Posts Tagged ‘William Burr’


Burr & Hope, English music hall entertainers visit America, 1912/13

January 22, 2014

Burr and Hope (active circa 1910-1930), English music hall entertainers
(photo: Apeda, New York, circa 1913)

‘William Burr and Daphne Hope. ”A Lady, a Lover and a Lamp” (Talk and Songs).
‘13 Mins.; Four (Closed in with a black cloth).
‘Fifth Ave. [i.e. Fifth Avenue Theatre, New York City] (Week Dec. 16 [1912])
‘From England, Burr and Hope have been over the Orpheum circuit. They came into New York last week at the Fifth Avenue and put over a delightfully though simply set talking ”double” singing and talking act. It is so far removed from the usual as to be termed unique. Backed in by a black cloth nothing is one the stage but themselves, a white enamel table and two chairs of the same. Directly above them is a red fringed lamp. It answers the same purpose as a spot from the balcony, but vastly improves the effect, which is also greatly heightened by the class of these English artists. Miss Hope is a comely blonde, of the robust type, with a very pleasant voice. Mr. Burr is a clean cut fellow, suggesting before he hit the varieties, musical comedy owned him. As the turn opens Miss Hope sings from behind the drapery; Mr. Burr lounging about the table smoking a cigarette. In the centre of the turn they banter each other, he sings and they sing. The closing is injured by the lamp going out. It is replaced by the spot light. If this is necessary at all, the cheap looking tin arrangement or shade above the dingy looking piece of red cloth than had been so prettily disguised by the light effect, should be replaced or covered up. But they don’t need this trick of the finish, any more than Mr. Burr should have give the class of the turn a bump by uttering ”I’ve got yer, Steve.” He will pick up considerable American slang, no doubt, but may save it for home, for it isn’t required in the act. Comedy at the finale is furnished through Burr going outside to commit suicide via the revolver route. Miss Hope shrieks, ”Do come back. I’ll marry you,” when a pistol shot is heard. Immediately Mr. Burr reappears, taking her in his arms as he naively says, ”I missed.” Burr and Hope are all right. They are a sunbeam from the other side in the midst of all the shadows vaudeville has imported, and they can play even the big New York houses more than once.’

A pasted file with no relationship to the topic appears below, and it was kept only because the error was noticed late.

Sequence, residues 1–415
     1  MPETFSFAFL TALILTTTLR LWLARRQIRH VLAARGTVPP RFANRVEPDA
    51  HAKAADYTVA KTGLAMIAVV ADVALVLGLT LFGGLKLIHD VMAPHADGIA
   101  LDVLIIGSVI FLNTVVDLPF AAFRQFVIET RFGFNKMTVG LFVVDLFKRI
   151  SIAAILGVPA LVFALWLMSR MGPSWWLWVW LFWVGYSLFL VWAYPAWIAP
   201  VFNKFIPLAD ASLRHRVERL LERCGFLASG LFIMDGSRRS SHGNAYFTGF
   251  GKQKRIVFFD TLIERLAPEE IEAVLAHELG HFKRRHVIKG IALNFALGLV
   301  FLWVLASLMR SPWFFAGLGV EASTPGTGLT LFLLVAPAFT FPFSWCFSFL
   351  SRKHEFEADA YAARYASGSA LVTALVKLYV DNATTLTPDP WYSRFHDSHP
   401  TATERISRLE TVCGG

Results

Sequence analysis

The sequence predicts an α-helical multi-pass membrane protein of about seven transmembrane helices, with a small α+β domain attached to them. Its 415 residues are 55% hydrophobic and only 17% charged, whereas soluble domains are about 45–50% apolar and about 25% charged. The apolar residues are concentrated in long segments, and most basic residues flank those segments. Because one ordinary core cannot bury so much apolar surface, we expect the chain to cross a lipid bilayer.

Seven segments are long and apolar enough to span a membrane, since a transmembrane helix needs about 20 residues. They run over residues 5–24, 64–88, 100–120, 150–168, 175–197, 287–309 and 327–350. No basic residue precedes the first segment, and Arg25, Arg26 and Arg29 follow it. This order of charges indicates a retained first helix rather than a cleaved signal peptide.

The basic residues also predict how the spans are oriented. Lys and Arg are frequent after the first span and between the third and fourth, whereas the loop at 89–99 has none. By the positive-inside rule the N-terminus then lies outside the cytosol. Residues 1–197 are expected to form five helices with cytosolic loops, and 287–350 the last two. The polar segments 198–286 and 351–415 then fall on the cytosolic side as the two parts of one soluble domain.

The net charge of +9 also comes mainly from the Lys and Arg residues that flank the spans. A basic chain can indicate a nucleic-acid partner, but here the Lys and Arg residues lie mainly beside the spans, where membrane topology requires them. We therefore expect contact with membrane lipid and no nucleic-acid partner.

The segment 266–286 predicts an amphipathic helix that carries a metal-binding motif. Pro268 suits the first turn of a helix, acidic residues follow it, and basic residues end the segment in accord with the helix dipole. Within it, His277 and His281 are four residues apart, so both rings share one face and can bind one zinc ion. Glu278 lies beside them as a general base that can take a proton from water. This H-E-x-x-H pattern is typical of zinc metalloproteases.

(Variety, New York, Friday, 27 December 1912, p. 16d)